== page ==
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Wonder Woman Movie Review

Gal Gadot and Patty Jenkins get the DC Extended Universe back on track.

By Robert CainPublished 7 years ago 4 min read

Released: June 1st 2017

Length: 141 Minutes

Certificate: 12A

Director: Patty Jenkins

Starring: Gal Gadot, Chris Pine, Connie Nielsen, Robin Wright, Ewen Bremner, Said Taghoumi, Elena Anaya and David Thewlis

Since its inception in 2013, DC’s live action renditions have struggled to gain ground, juggling too many characters and plot threads in a bid to keep up with the competition. After several missteps with Warner Bros’ lofty ambitions, Wonder Woman takes the studio to heights not seen in half a decade, becoming the new standard to beat for future films in its cinematic universe.

Traveling a century into the past, Wonder Woman/Diana Prince (Gal Gadot) lives peacefully among the all women tribe of Amazonians, created by the Greek God Zeus on the island of Themyscira. She grows up on tales of justice and hope, training to be a warrior under the watchful eye of her mother Queen Hippolyta (Connie Nielsen) and her aunt General Antiope (Robin Wright). When American Spy Captain Steve Trevor (Chris Pine) crashes into their island, she journeys to the human world to put an end to the injustice and suffering brought about by World War One. As an opening to one of the most recognisable characters in comics, WW keeps things straightforward and simple; you get a real sense of Diana rising beyond her roots and the narrative rarely leaves her side. When Wonder Woman finally arrives on the European battlefields, the film pulls you into her mission with a viciously thrilling action scene; you believe in her conviction as her character has been built up so brilliantly. The only gripe I had with the plot was a final act twist that could have had more build-up and mystery surrounding it. Other than that, Wonder Woman hums along at a great pace, never lingering on one plot component for too long while also providing a healthy amount of development when it comes to origin stories and the world they inhabit.

DC has had some problems with its characters recently but Wonder Woman goes a long way towards breaking that trend. Having been given the spotlight after an all-too-brief appearance last year, Gal Gadot owns the titular heroine here. She’s a fearless warrior and the actress (alongside the other Amazons) brings real physicality yet it’s often Diana’s disconnect from the world of man that makes her so interesting; over the course of the film she makes several realisations and discoveries against the backdrop of World War One that really drives home her goals and resolve. It’s made even better by the bond she forms with Steven Trevor, a calm yet understated spy who’s just as capable in his skills as Diana is. The camaraderie that grows between Diana, Steve and the rest of their company has just the right amount of nuance to it; their characteristics are light-hearted but never distract from the central plot and characters. The bridge between the Amazonians and humans gives way to a few comedic moments and misunderstandings and the writing works in the different tones very well. The cast is rounded off by David Thewlis, whose accent and position within the British ranks anchors the film into its time period and while the villains may be fairly weak by comparison, their motivations still feed into both the setting and Wonder Woman herself.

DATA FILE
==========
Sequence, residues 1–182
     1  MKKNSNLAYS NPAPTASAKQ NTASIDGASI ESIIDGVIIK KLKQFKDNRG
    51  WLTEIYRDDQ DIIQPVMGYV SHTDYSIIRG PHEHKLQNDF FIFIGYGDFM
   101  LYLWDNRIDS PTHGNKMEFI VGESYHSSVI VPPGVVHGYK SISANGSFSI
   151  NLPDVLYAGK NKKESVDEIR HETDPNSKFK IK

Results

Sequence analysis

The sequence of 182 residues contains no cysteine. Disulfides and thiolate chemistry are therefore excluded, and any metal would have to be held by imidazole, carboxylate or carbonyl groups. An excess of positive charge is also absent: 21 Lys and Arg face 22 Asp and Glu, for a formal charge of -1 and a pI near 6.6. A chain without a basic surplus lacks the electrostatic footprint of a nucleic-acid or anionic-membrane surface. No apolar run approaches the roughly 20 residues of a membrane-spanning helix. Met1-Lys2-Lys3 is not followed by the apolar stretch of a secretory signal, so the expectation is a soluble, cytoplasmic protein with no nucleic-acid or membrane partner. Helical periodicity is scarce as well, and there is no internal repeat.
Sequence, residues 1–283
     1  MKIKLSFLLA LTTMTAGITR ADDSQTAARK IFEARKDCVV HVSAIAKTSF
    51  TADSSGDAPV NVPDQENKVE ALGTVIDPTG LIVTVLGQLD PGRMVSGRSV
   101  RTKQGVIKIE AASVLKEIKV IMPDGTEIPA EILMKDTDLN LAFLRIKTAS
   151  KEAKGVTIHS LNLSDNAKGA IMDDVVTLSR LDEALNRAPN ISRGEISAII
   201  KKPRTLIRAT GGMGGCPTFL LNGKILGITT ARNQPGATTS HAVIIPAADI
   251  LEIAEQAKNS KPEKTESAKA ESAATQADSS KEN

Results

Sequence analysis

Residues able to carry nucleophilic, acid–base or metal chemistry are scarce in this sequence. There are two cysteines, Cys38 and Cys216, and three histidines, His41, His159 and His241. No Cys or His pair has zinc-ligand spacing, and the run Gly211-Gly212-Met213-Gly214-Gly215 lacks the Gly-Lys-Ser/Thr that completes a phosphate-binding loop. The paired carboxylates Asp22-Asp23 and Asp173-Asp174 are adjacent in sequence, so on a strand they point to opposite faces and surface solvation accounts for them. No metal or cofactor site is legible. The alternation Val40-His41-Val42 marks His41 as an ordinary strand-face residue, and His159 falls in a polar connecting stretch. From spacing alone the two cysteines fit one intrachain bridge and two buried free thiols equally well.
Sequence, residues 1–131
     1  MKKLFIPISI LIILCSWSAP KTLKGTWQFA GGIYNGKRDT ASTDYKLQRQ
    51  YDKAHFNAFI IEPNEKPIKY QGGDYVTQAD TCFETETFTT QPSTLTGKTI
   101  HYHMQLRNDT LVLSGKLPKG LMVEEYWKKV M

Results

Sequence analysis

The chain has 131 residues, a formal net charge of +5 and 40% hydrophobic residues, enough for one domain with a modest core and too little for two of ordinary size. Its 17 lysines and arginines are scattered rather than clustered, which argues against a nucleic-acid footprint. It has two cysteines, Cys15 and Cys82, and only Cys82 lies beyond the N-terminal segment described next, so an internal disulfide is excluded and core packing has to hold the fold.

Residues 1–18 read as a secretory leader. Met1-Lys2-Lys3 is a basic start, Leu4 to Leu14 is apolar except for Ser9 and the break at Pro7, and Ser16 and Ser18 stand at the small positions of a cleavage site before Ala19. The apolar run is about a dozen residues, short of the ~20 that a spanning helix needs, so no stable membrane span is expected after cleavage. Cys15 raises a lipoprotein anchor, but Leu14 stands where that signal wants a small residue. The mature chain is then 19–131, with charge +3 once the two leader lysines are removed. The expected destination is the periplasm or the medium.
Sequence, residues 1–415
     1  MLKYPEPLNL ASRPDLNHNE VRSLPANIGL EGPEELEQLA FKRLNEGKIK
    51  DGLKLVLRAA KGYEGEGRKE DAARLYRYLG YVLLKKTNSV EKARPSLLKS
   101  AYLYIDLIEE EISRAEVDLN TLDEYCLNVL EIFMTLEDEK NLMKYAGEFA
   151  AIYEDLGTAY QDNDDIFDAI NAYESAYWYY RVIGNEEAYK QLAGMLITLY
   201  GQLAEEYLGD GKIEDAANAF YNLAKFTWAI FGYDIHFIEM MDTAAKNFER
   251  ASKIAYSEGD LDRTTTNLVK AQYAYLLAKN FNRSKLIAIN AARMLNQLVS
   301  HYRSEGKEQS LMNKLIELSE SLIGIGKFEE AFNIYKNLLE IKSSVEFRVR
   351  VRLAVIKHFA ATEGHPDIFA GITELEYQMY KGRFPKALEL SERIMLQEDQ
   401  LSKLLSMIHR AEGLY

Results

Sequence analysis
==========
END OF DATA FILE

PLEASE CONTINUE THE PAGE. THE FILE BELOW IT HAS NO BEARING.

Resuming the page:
Wonder Woman moves away somewhat from the rough and grim look of its predecessors, resulting in a far more appealing film all-around. It all starts with colour, literally; the film’s opening bursts into life with a lush, idyllic island paradise that contrasts heavily with the grotty war-torn environments of humanity. Yet even when the setting changes to the middle of a grey industrialised London, there’s still plenty of personality to be found. Detailed sets and costuming wear their authenticity proudly and when the action kicks off, phenomenal destruction effects and a heap of slow-motion effects bring a serious weight to it all along with the seamless editing and direction. But WW also has some more tender moments as well; the wartime setting gives way to more sombre, thematic moments that reflect the harsh nature of the conflict. These in turn, tie themselves into the central character, resulting in a commanding hold on the viewer’s attention. The music takes Diana’s roaring main theme introduced in Batman V Superman and escalates it while also layering quieter pieces around the plot. Because of its scaled-back approach and further charm, Wonder Woman makes a bigger impact than other entries in the DC Universe.

Wonder Woman is simply the best live-action DC film since Christopher Nolan’s Dark Knight Trilogy. It doesn’t do much to shake up the superhero genre, nor is it out to prove a point. The film simply does what it does to a fantastic standard, delivering a sense of charisma, gusto and substance that the DC Extended Universe has been sorely lacking. They keep this up and we’re sure to see some brilliant things from WB’s movie roadmap.

Rating: 4.5/5 Stars (Brilliant)


About the Creator

Robert Cain

I'm a well-travelled blogger and writer from the UK who is looking to spread his blogs and freelance writings further afield. You can find more of my work at

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